One important step for every new business is to obtain an Employer Identification Number (EIN) from the Internal Revenue Service (IRS). General partnerships need an EIN to report their taxable income and wage withholding. Obtaining an EIN can be another task to complete, but we can handle that application for you with our Employer ID Number Service.
In addition to fulfilling the federal requirements, your business will need to register for a Washington State Unified Business Identifier (UBI) number or tax registration number. The Washington Department of Revenue handles the Business License Application (BLA) you use to apply.
Your partnership needs a UBI to pay the state business and occupation (B&O) tax, which is based on business entity income. In addition, partnerships often need to register for certain business activities such as sales and use taxes and wage withholding. Don’t forget to check if you need to register for local B&O taxes.
Once you’ve obtained your Washington State Business License and EIN, you can open a business bank account exclusive to the partnership. Discuss with your partnership what level of insurance your new business needs. Working together to plan goals for the partnership is also a common step to starting out.
Our business experts understand the choices you have to make as a new business owner. While forming a general partnership in Washington State is simple to do, you still have paperwork to file and applications to complete. Let us help you with our curated business development and maintenance services, including our Worry-Free Compliance Service, which can help you easily fulfill many of your business obligations.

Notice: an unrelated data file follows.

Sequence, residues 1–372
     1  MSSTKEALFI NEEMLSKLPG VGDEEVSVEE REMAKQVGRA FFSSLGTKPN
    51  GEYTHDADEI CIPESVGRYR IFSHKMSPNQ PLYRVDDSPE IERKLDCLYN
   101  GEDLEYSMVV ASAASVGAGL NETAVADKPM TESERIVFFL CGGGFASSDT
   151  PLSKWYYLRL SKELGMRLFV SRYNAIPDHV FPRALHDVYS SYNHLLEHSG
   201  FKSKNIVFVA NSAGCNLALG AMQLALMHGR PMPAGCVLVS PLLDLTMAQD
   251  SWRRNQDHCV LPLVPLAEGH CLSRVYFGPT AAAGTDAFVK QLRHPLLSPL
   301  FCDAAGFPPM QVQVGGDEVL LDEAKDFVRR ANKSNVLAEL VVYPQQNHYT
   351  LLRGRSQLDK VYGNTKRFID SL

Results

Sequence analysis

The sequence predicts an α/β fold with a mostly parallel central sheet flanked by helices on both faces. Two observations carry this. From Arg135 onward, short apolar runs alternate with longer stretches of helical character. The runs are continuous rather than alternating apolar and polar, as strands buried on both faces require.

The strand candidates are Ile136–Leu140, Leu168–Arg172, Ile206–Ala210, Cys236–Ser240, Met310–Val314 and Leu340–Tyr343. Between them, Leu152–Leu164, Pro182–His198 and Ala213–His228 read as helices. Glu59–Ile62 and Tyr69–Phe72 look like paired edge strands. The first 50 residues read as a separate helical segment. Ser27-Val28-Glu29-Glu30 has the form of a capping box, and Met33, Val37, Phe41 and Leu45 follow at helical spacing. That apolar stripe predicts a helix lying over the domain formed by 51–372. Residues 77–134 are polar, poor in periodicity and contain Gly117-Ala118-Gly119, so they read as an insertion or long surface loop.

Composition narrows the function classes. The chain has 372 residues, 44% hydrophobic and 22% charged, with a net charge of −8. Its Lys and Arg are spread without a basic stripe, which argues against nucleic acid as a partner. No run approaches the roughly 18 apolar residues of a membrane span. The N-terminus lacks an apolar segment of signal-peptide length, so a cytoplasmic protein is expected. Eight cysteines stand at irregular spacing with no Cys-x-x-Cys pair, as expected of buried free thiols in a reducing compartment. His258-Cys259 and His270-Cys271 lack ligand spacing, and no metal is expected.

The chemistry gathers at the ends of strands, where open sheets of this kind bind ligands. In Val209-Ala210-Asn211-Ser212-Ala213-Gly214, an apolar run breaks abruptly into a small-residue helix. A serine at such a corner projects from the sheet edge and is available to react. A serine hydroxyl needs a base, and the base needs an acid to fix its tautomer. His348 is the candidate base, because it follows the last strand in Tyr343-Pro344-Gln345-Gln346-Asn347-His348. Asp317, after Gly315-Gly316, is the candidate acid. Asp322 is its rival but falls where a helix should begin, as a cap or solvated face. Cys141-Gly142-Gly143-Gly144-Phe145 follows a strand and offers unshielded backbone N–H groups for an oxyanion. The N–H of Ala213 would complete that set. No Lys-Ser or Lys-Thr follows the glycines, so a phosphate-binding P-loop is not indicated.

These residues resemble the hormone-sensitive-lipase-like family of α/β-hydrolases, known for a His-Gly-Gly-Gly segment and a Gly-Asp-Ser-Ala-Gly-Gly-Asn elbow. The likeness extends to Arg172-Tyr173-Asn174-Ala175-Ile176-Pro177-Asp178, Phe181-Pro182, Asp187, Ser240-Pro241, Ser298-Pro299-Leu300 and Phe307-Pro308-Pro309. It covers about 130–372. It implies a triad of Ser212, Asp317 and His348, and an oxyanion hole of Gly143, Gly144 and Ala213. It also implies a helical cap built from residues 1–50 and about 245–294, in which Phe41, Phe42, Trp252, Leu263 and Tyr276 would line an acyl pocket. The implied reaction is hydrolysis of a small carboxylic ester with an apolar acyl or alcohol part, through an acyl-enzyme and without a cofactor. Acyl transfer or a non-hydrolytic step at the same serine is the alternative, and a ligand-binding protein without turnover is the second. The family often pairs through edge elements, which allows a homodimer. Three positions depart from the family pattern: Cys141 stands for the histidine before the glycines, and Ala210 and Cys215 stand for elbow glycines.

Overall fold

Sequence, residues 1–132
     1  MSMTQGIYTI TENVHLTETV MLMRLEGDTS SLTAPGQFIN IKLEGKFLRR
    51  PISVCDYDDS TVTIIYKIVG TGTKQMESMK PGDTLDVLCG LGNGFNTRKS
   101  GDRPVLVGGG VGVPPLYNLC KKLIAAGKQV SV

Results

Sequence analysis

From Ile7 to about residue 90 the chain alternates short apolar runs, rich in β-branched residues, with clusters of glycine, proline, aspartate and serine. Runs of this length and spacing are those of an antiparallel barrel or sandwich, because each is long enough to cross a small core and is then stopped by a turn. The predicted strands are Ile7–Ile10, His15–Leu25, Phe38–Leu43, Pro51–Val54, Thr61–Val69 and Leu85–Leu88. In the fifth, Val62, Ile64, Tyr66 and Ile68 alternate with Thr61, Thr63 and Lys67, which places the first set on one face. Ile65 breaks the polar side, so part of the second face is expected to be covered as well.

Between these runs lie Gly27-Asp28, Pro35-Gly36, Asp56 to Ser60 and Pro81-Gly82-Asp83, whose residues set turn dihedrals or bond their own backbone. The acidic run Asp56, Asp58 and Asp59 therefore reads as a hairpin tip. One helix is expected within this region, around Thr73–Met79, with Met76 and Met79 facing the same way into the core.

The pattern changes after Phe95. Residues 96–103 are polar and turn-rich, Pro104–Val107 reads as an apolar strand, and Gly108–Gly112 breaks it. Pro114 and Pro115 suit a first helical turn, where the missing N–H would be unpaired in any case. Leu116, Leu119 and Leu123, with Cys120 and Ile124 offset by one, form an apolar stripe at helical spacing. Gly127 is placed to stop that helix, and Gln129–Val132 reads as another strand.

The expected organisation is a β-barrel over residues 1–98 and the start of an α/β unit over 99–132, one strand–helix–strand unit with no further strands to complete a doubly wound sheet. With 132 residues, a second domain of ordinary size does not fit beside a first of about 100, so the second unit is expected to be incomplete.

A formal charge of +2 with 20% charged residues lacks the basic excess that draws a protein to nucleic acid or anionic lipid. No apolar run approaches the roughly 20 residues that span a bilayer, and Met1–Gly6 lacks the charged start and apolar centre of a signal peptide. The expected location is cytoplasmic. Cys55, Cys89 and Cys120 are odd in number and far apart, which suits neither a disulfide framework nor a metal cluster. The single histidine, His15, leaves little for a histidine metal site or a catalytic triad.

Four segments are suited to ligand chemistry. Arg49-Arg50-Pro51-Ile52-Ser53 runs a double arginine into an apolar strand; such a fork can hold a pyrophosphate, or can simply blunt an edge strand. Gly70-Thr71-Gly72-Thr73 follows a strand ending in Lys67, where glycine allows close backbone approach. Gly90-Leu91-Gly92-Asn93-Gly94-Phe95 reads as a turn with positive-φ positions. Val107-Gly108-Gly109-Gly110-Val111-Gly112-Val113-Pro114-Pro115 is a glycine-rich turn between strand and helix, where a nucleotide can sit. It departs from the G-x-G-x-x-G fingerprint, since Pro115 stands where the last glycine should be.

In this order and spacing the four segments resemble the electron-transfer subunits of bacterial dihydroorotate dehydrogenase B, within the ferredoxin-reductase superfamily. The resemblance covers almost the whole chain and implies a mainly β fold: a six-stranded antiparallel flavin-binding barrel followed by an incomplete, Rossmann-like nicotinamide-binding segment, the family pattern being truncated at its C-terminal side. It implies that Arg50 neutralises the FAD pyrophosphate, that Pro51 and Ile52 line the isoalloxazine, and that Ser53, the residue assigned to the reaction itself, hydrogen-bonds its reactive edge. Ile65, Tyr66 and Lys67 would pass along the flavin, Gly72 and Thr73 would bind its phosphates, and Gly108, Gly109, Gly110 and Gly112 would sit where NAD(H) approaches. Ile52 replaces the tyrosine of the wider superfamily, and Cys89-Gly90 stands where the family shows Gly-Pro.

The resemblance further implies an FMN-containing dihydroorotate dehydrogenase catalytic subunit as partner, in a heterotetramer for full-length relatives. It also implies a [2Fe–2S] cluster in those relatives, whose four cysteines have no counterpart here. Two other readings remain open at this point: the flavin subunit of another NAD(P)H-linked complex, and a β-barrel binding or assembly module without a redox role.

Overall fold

We can help you decide what business structure is right for you. If you decide on another business form, we offer Formation Services to help you start a Washington LLC or a Washington Corporation.
Disclaimer: The content on this page is for information purposes only, and does not constitute legal, tax, or accounting advice. If you have specific questions about any of these topics, seek the counsel of a licensed professional.
Washington state doesn’t require registration to form a general partnership. However, you will need to register to use a name different from the partners’ names or to obtain a license for certain business activities.
General partnerships must pay the state business and occupation (B&O) tax.
In most cases, the owners of a general partnership are called partners. If you transfer your ownership interest, the transferee who now owns the interest may not have the power to make operational decisions. If you register your partnership as a limited partnership, the owners with the power to make decisions are called general partners. Owners who merely contribute capital or resources are called “limited partners” or “silent partners” and enjoy limited liability for the general partner’s decisions.
In the general partnership, the partners run the company together. They share the power to make operational decisions and split the profits equally.
The partners are joint and severally liable for the debts of the partnership. However, creditors can reach the individual partners’ personal assets only after they exhaust the partnership assets.